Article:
The display resolution sounds insanely high and it is. Thankfully, the laptop ships with Windows 8.1, which handles display scaling better. It defaults to 200% zoom that makes for razor sharp text and icons that are a manageable size. Not all applications respect Windows scaling, for example Adobe Photoshop has quite small menu text at full resolution. MS Office and Metro apps respect scaling and look great. Chrome is hit or miss, and if you find text is too tiny, enter chrome://flags in the URL bar and enable high DPI features for a much better experience. When we first received the Samsung ATIV Book 9 Plus a few months ago, I wondered if the crazy high resolution wasn't more than a marketing trick. Particularly with Windows 8.1, I can tell you it's not: everything looks sharper and 13.3" full HD displays' text now looks a little fuzzy to me after using QHD+ for a few months.
The display supports 10 points of multi-touch but it is not an active digitizer. No Wacom, no N-Trig... no active digital pen of any kind. If you're an artist or avid note taker, this isn't your machine. You can use a capacitive stylus but those are thick, imprecise and don't offer palm rejection. If you do need a digital pen, consider the Microsoft Surface Pro 2, the aging Asus Taichi, Sony Vaio Flip or Sony Vaio Duo 13. Lenovo will have a Wacom pen option for the ThinkPad Yoga, but we don't yet know when that will be available.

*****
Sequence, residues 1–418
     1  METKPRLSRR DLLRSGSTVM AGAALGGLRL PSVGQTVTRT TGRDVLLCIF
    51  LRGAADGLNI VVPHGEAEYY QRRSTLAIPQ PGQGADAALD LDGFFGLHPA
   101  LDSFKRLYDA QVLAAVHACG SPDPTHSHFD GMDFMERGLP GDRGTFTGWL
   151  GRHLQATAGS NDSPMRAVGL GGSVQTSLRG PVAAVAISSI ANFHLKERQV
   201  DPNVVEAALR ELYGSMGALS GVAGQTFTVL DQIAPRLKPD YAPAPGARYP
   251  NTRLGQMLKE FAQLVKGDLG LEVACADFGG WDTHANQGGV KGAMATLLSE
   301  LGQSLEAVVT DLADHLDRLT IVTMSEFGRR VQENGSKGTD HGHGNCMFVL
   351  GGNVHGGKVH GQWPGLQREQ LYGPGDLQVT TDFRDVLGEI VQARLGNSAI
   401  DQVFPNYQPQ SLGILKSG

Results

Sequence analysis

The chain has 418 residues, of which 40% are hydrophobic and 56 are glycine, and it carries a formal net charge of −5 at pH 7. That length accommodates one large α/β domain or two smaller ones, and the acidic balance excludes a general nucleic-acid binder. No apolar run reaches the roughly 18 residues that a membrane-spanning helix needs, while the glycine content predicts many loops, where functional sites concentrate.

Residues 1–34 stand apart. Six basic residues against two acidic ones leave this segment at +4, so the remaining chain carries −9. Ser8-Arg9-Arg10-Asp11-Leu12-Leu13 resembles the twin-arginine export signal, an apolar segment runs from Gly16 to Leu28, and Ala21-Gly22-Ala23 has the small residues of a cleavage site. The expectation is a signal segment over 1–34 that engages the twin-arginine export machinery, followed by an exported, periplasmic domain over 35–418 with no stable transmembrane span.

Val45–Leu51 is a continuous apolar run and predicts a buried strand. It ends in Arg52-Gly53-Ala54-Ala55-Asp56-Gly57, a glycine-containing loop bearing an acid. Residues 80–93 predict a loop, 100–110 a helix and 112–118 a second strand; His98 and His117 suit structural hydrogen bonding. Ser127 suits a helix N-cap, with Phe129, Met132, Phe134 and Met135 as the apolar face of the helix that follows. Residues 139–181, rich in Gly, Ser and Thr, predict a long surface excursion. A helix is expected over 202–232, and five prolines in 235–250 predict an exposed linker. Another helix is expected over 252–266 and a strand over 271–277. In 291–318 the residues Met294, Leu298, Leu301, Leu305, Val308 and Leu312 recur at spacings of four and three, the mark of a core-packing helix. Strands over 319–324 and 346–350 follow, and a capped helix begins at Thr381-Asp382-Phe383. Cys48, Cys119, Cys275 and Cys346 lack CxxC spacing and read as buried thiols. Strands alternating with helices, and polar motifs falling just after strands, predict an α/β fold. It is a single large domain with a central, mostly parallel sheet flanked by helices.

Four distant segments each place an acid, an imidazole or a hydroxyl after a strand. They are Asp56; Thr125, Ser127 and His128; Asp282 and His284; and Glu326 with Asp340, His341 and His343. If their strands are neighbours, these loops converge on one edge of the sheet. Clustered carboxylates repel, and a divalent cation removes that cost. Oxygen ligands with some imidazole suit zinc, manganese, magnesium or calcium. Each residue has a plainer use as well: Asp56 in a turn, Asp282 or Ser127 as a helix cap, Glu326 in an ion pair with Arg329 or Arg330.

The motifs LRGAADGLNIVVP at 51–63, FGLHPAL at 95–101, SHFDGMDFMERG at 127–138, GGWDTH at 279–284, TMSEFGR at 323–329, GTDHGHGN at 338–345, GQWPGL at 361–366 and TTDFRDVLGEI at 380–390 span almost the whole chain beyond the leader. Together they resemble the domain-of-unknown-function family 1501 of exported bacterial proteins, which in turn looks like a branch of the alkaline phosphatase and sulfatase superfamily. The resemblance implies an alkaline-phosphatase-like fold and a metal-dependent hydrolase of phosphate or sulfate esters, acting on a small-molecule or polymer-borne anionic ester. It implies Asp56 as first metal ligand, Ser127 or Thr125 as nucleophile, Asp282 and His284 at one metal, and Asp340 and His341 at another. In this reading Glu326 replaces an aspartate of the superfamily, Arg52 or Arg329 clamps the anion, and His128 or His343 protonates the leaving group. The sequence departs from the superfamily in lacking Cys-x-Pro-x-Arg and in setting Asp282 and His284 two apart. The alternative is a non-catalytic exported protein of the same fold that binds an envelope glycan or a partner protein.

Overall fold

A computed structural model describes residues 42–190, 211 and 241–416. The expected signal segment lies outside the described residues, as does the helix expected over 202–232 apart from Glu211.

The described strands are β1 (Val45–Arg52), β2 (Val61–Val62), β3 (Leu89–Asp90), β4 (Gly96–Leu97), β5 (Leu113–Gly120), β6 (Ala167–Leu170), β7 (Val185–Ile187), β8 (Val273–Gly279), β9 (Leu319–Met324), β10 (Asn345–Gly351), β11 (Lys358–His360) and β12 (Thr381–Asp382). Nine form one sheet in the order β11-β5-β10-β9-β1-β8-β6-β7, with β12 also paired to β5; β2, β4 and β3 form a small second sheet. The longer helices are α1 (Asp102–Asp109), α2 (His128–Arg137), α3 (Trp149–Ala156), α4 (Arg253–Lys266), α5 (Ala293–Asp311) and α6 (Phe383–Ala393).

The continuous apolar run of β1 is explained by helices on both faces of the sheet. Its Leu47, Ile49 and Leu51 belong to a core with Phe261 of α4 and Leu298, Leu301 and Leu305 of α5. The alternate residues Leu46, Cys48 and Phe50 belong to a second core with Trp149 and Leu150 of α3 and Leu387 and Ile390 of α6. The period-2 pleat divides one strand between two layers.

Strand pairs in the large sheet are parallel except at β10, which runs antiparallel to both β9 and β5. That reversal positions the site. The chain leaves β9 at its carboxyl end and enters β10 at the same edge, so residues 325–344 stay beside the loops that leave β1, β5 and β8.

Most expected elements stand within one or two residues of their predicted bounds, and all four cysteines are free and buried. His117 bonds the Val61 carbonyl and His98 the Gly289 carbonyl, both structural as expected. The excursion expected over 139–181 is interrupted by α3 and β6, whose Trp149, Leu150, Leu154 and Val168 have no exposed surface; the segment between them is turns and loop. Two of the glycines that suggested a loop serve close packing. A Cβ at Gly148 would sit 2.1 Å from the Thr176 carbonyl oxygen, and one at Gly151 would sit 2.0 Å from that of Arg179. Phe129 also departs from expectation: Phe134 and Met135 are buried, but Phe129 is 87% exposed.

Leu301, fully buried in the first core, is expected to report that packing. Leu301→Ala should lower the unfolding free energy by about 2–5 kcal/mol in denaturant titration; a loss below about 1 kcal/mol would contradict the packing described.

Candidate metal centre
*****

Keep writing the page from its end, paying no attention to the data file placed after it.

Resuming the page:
Quiet and Smooth Operator
The Lenovo is quiet and cool for productivity work and even streaming an hour of HD video didn't get it hot and bothered. The machine has two fans, but we rarely heard them when working in MS Word or browsing the web. They kick in from time to time when working with big Photoshop RAW files or editing video, but they're neither loud nor annoyingly high pitched (ahem, noisy Sony Vaio Flip 13). The laptop never exceeded human body temperature, and was comfortable for lap use. If you play Civ V or Warcraft the fans will ramp up, but the same is true of all thin and light laptops.
Performance and Horsepower